But Henry has let his emotion in this case override his common sense, and has resorted, for the very first time in his financial career, to some shady practices which won’t stand up to investigation. And he has inadvertently made an enemy, who is in possession of a damning set of documents…
Of course there is a love interest, this time a properly womanly woman, the utter opposite of the ex-Mrs. Warren, who has departed the scene to live with her “black” paramour.
One of the sticky bits in this novel, even greater than the casual sexism, was the offhand racism exhibited throughout. The Arab lover is referred quite commonly as being “black”, and “a n*gger”, and Henry notes the “swarthiness” and the “olive texture” of Prince Ali Said’s skin, which “darkens to brown” – one would assume with a hidden blush? – when Henry lightly insults him. And the Jews in Henry’s circle get much the same treatment, though here and there one is given the nod as a “good man” despite his Jewishness and the associated stereotypes of appearance and behaviour this implies.
This aspect of Shute’s writing, even given its “era expectedness”, was a hurdle I had to crawl labouriously over, but once I made up my mind to go on, I found myself quite taken up in the story of Henry Warren’s new obsession, that of the rehabilitation of a town and its population. Henry puts the philanthropic desires of his heart before the sensible qualms of his brain, and in stepping out of bounds in a completely uncharacteristic way, makes himself an unlikely hero.
I mostly bought into it, and though the author’s philosophical soapbox was evident throughout, he told an engaging enough tale that I was held until it was all told out. Not much in the way of nuances here; we are told throughout exactly how we are expected to react and think, and I found myself meekly following Shute’s direction, though I gave myself a little shake when it was all over, to get myself tuned back in to the here-and-now.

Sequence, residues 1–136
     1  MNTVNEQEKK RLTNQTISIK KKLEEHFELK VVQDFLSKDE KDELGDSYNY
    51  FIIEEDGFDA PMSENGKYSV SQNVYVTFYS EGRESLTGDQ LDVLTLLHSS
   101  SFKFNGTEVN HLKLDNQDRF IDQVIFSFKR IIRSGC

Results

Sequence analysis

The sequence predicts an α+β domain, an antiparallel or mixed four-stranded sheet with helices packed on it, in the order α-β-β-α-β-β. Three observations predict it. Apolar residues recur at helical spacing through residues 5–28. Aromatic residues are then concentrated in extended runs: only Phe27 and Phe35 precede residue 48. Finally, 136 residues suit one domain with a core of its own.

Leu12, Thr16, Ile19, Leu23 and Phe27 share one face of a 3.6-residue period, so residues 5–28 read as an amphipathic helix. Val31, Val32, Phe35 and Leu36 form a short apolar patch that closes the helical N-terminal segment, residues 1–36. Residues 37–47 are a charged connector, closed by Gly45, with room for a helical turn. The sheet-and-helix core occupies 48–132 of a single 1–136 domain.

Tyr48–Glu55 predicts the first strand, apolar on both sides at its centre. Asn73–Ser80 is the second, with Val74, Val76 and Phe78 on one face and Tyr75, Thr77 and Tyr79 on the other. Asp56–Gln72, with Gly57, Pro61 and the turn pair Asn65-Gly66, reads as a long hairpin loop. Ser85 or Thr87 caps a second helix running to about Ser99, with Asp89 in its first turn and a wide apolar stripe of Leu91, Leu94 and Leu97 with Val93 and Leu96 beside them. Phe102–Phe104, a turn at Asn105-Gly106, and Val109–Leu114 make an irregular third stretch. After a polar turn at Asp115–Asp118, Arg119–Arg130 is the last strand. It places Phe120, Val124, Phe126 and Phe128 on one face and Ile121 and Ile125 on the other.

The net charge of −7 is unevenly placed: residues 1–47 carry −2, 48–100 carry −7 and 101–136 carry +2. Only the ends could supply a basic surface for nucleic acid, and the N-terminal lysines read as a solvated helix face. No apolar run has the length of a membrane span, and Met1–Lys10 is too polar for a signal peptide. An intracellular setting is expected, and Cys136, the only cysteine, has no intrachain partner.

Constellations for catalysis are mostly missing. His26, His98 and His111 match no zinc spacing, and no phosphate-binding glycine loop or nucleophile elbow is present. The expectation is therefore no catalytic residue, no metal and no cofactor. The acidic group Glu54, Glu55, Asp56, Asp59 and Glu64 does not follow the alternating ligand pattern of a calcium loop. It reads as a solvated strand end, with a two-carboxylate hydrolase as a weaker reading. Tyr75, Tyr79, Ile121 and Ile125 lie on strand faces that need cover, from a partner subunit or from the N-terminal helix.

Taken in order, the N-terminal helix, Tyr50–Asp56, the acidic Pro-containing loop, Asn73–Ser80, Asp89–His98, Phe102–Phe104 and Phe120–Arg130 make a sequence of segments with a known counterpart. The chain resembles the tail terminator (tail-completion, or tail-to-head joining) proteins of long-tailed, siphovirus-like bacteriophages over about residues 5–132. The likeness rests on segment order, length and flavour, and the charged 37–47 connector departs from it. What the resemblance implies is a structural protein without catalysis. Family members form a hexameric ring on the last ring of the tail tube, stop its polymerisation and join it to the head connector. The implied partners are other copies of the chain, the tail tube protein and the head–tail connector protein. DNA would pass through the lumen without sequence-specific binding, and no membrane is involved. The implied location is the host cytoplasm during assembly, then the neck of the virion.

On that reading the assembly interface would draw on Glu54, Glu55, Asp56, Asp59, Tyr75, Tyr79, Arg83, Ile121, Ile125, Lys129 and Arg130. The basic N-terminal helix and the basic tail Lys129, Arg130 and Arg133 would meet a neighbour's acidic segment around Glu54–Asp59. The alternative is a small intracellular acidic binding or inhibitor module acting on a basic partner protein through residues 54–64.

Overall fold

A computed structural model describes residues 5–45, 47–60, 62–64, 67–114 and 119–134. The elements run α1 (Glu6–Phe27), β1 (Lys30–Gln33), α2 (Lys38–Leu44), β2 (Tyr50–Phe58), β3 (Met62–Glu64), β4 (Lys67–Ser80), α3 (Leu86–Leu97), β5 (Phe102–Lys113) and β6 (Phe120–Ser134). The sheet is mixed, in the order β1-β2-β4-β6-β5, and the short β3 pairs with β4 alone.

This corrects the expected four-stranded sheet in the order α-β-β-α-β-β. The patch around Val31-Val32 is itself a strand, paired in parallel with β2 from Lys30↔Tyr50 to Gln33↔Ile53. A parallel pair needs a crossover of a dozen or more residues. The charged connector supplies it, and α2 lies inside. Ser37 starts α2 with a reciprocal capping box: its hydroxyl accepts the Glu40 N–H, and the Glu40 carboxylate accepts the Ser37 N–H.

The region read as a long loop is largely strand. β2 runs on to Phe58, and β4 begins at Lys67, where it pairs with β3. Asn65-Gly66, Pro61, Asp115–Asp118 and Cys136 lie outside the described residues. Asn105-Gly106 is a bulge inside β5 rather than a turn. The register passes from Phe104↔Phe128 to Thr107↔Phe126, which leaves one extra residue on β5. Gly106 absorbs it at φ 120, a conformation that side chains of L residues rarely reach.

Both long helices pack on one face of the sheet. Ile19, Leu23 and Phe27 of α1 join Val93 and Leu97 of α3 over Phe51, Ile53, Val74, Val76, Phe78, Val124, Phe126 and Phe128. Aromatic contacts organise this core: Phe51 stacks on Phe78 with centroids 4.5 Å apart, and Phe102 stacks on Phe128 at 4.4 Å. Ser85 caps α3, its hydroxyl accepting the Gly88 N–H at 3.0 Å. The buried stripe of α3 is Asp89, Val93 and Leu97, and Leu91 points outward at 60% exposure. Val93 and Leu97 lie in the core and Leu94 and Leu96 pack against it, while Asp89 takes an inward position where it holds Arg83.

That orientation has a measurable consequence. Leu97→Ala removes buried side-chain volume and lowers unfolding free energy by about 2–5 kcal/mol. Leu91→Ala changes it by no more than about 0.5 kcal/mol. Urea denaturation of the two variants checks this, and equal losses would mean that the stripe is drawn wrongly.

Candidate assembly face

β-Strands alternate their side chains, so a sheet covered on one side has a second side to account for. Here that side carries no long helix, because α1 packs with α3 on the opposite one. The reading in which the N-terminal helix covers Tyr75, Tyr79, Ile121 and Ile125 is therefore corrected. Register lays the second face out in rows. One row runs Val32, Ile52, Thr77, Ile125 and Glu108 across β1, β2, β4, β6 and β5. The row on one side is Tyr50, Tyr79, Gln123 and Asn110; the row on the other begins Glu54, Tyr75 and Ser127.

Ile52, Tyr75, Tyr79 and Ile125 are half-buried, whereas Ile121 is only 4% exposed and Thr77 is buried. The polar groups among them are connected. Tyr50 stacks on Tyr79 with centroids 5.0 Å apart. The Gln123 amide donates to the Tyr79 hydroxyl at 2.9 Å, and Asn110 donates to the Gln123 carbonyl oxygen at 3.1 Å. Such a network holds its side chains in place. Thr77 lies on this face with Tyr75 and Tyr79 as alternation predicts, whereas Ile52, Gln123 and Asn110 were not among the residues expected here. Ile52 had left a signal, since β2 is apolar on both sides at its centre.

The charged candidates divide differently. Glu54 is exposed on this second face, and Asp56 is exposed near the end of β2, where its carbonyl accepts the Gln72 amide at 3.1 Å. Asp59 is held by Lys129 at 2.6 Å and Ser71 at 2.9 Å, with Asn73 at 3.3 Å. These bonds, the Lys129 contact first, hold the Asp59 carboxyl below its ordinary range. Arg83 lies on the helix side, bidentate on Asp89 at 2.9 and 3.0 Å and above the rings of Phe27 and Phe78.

I think “vintage” is an apt summation of the experience as a whole. The details of the financial planning are rather intriguing, being based on Nevil Shute’s own involvement in establishing a pre-war aircraft factory, which was, after many set-backs, successful.
One final note, and this on the cover. The story is set in the 1930s, and there are no passionate embraces with lightly clad women within. Henry Warren’s post-marital love affair is carried out with the strictest decorum, and though he does associate with an exotic Corsican dancer during some of his Balkan scheming, that relationship is apparently quite platonic. So the cover art is mostly imaginary, and obviously designed to catch the eye of the jaded businessman, who is (I suspect) the intended audience for Shute’s masculine romances.